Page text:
A midsized client typically has the budget for a larger design engagement. So low-fidelity designs that turn into high-fidelity mockups are the place to start. More refined designs help facilitate the conversation and help the client to understand what the end product may actually look like. Turning these types of mockups into clickable prototypes can be helpful to turn a simple design engagement into a larger engagement that includes development work. Showing the client how the app or product would actually look in practice can help illustrate the value in a design/development engagement helmed by the same team.
Enterprise (looking for buy-in)
The enterprise client who is looking for internal stakeholder buy-in is likely led by a team member who has a pretty good idea of the product or feature they want. Taking the initial concepts from the client and turning them into visuals that can be shared and discussed are invaluable assets that don’t require any prototyping. These visuals may range from low to high-fidelity depending on the stage the client is at with the concept.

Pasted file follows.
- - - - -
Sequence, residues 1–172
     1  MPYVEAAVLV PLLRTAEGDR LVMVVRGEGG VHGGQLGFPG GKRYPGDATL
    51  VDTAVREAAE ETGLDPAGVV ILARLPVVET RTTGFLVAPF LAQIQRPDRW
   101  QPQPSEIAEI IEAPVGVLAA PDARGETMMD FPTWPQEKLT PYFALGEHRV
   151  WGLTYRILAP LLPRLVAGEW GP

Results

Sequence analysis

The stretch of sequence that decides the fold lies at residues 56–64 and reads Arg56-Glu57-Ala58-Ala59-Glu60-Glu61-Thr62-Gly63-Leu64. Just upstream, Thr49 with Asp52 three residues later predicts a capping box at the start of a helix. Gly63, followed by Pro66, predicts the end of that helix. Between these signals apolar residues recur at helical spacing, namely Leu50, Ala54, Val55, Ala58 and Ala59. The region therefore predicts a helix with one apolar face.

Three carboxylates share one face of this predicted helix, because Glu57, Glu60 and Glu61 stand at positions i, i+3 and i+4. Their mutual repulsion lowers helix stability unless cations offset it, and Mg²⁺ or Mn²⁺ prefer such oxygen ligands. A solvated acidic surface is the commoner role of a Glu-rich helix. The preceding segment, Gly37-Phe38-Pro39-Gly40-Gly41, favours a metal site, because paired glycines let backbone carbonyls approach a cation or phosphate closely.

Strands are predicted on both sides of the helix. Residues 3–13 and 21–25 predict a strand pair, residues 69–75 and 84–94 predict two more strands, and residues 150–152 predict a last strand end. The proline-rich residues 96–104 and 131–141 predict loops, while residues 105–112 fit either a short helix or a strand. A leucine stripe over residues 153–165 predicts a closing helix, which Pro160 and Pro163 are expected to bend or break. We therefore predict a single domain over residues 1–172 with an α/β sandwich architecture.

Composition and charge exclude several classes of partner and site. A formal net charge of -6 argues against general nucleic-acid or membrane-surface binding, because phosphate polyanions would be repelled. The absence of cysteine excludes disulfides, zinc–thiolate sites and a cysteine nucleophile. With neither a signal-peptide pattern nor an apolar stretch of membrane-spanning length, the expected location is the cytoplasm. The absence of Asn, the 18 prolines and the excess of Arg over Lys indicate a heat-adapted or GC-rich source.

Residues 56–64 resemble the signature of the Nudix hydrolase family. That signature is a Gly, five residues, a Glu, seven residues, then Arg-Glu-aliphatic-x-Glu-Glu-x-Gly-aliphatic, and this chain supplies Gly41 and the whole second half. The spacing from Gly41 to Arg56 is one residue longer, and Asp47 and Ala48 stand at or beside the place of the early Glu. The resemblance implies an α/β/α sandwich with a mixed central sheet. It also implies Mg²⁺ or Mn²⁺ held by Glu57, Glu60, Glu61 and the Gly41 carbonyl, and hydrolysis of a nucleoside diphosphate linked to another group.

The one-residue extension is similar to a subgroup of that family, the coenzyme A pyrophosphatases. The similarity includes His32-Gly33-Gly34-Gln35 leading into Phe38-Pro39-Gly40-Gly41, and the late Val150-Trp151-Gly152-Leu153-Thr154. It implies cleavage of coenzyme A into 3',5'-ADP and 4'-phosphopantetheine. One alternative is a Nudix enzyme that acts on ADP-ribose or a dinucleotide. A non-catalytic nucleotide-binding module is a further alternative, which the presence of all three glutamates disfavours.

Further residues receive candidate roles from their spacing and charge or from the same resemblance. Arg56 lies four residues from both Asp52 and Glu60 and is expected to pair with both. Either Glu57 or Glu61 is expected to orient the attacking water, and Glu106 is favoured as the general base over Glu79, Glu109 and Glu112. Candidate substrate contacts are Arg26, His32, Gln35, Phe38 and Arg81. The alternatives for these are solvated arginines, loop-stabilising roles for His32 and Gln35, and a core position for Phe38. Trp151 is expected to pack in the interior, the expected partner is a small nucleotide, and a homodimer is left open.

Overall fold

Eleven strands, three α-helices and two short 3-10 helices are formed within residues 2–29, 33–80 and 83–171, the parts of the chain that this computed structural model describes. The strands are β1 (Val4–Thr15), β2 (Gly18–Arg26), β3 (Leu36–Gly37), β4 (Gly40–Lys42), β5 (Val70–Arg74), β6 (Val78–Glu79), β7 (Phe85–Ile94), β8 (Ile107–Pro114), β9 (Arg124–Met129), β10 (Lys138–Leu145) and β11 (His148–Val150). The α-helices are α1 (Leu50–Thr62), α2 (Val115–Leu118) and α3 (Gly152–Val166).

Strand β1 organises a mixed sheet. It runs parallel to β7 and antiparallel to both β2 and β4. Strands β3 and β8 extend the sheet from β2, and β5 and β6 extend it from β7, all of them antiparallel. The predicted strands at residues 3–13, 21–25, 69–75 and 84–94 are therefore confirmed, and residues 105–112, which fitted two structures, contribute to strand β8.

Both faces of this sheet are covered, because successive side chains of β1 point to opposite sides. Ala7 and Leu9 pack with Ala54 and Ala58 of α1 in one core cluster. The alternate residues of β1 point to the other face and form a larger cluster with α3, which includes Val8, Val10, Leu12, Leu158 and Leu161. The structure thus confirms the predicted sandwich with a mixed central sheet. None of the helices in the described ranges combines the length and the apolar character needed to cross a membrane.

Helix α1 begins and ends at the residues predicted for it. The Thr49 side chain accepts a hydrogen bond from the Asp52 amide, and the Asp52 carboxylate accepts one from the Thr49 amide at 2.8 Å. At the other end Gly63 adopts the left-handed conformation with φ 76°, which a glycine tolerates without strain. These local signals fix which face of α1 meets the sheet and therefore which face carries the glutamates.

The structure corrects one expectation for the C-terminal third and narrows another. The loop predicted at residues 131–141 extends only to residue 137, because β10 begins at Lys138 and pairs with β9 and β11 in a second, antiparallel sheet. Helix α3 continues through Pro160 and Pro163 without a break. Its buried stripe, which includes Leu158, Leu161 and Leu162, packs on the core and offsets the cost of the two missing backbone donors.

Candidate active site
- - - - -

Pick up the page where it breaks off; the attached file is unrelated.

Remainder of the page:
Enterprise (ready to build)
An enterprise client who is ready to build may need a combination of high-fidelity mockups and clickable prototypes. Detailed designs are critical for developers to build the product while clickable prototypes may not be critical - though they can still provide some insight into intended interactions. Ensuring the design assets include components, error states, and edge cases will almost always be more valuable than a clickable prototype.
Modern design tools allow creatives to work faster and with higher fidelity than ever. Cloud-based software and a large catalog of plugins means our tools are consistently on the bleeding edge of what’s possible in user experience and user interface design. However, just because a tool can do something, I’m finding myself asking if I should be doing it in the context of a particular client or recipient.